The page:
You know how it goes. ``Hey, this is a free country. I can believe anything I want.''
The response usually comes in the middle of a discussion about religion—usually when some Christian is showing the absurdity of someone's religious belief. The appeal to religious freedom is supposed to end the conversation.
Religious freedom is beside the point in most of these conversations. The question is not whether or not a person has the right to believe whatever he wants, but whether or not what he believes is true. The appeal to religious freedom betrays a mindset that sees no higher than the laws of the land. Because the law gives religious liberty, it does not mean, therefore, that all religious beliefs are of equal value or are true.
A Practical Compromise
American religious liberty is simply the result of compromise. At the time of the Constitution, very few religious bodies believed in absolute religious freedom. The Roman church didn't. The Lutheran's didn't, nor did the Anglicans, the Methodists, the Presbyterians, nor the Congregationalists of New England. Only the Baptist and Quakers, both of whom relegated the state to the realm of Satan, advocated religious liberty, and they were much in the minority.
But for the exceptions mentioned above all believed in established churches, but only their own. This is where the catch was. None of them possessed the political power to establish their church by law, although the Congregationalists for a time succeeded in New England, as did the Anglicans in some places. Even in Maryland, Lord Baltimore advocated religious freedom, not because of dogma, but because he wanted to attract settlers to his colony.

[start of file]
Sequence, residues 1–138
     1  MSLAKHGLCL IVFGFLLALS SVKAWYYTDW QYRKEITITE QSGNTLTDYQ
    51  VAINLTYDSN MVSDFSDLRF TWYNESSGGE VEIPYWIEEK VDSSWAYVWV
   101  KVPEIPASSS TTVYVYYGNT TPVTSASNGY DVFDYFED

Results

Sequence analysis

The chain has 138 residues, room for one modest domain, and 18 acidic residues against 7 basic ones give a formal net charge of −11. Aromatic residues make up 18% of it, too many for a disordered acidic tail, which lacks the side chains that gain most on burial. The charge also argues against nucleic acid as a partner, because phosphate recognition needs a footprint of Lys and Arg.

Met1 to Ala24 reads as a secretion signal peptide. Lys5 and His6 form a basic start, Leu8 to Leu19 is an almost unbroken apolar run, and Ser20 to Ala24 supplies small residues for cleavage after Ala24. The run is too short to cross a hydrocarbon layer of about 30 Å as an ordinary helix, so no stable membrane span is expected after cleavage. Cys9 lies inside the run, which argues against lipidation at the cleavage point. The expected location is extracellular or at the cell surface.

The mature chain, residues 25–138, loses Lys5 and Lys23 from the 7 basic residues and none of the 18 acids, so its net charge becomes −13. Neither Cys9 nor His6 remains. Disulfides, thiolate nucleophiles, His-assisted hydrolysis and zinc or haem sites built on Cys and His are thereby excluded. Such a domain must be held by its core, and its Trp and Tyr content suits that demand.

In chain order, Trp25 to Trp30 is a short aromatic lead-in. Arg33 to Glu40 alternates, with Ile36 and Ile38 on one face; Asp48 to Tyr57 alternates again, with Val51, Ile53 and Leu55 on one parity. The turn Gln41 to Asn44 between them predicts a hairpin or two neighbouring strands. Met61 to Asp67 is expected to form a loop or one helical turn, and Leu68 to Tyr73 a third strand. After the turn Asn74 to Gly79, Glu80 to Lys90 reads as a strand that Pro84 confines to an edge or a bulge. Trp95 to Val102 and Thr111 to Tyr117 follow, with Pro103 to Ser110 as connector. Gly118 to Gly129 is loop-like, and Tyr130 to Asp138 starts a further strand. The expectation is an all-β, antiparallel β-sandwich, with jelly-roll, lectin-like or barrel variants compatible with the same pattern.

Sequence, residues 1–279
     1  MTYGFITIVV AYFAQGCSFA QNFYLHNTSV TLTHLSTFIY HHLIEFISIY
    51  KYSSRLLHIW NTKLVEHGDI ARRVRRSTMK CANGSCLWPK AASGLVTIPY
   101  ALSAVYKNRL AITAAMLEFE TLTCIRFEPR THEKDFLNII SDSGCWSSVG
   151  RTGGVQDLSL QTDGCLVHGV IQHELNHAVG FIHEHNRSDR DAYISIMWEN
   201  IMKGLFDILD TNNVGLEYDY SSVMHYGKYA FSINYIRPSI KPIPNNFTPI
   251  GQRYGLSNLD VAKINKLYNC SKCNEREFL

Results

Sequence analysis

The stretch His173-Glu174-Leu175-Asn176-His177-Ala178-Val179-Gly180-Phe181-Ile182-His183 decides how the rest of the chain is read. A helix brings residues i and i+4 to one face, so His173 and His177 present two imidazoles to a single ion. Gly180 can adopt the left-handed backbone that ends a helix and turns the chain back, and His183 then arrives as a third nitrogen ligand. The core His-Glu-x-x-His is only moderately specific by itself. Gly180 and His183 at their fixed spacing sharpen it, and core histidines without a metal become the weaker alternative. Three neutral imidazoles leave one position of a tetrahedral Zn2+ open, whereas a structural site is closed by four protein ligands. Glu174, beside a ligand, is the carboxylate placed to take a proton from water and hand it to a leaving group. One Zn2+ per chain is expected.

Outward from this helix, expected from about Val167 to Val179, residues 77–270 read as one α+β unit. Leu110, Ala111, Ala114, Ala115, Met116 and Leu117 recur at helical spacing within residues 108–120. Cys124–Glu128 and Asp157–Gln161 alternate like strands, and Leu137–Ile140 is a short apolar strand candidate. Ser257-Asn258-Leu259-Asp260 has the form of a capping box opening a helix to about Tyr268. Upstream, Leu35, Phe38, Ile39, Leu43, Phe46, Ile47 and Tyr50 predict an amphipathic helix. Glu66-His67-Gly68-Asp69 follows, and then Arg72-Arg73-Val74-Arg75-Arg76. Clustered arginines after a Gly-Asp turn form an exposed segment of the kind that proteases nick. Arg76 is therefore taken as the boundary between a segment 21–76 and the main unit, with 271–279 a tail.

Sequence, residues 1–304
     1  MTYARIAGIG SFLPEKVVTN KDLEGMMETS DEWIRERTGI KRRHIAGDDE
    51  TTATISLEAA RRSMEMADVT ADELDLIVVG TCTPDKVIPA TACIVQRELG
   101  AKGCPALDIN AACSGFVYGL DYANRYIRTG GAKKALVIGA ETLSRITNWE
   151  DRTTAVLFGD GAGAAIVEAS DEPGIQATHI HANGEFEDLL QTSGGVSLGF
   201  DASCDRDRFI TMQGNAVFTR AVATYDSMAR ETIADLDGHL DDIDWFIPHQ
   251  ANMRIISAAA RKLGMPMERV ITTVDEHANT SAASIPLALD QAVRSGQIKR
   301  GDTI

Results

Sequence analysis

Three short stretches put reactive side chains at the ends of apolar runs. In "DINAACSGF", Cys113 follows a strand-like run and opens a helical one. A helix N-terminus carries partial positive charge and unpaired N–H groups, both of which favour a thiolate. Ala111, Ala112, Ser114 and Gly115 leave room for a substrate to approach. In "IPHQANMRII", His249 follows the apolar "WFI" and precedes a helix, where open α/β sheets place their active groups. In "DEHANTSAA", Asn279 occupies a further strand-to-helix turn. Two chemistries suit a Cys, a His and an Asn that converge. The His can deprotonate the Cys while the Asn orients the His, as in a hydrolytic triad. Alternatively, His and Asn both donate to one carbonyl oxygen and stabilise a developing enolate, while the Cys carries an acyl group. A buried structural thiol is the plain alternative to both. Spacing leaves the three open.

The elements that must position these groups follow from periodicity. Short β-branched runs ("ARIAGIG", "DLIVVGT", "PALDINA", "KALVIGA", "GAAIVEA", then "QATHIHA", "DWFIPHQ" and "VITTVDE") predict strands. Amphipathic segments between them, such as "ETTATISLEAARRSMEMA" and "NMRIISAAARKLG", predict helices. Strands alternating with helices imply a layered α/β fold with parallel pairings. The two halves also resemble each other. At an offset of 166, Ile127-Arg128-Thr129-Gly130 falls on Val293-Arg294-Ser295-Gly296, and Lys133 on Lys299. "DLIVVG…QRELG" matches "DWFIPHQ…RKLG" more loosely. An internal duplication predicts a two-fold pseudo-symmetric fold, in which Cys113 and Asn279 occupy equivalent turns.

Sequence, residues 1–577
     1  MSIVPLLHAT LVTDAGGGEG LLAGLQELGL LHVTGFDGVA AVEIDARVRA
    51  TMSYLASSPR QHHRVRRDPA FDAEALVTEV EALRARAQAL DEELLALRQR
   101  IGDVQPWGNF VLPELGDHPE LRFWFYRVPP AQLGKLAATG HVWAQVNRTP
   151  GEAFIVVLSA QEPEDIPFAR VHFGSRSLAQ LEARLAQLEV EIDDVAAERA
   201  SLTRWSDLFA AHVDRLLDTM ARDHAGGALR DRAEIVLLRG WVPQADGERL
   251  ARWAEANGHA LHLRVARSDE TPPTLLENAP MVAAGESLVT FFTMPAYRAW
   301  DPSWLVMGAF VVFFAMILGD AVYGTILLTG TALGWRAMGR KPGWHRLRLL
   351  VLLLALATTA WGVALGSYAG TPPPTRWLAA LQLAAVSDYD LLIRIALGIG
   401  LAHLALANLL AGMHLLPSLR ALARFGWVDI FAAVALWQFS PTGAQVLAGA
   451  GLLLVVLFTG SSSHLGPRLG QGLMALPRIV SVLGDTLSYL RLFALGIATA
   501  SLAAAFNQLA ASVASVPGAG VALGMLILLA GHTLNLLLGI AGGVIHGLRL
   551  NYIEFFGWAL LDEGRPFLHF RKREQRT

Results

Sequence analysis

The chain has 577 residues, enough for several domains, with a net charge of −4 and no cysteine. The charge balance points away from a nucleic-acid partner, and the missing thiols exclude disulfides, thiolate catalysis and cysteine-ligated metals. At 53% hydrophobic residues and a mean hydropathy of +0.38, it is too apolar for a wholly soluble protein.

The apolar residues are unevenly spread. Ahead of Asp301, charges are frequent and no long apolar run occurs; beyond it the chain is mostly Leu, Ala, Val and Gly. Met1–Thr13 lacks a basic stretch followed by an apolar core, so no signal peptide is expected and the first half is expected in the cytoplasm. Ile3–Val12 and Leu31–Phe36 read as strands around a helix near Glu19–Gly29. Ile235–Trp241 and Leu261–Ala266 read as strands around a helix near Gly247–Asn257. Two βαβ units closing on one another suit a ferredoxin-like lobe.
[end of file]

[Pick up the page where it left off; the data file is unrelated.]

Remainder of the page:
Because of the lack of uniformity in religion and the democratic nature of the colonies, the rulers were faced with, what to them, were two unpleasant choices: widespread persecution and oppression of dissenters, or religious toleration. They opted for the second because of expediency, not conviction. Even then the choice was made grudgingly and with much pain. As late as the War for Independence some of the colonies still had established churches, and in many others certain churches had favored status. But in America the churches, even the Anglicans and Roman Catholic churches, had lost the stomach for persecution, for the rack and the stake. The only thing left was toleration and compromise. They decided that it was not the state's job to decide what was true in religion.
Some think that the jury may still be out on this, but others think it to be one of the best compromises in the history of the church.
It's Beside the Point
When the Christian believer presses his friends about religious ideas, the appeal to religious freedom is beside the point and ludicrous. The individual who trusts in the civil compromise and refuses to make the decision about what is true in religion is a fool. No one denies that in America you can worship Hormel Vienna Sausages if you choose, but you do not become a wise man for doing so.
Pastor C. W. Powell
Trinity Covenant Church
6050 Del Paz Drive
Colorado Springs, CO 80918
Webpage: Trinity Covenant Church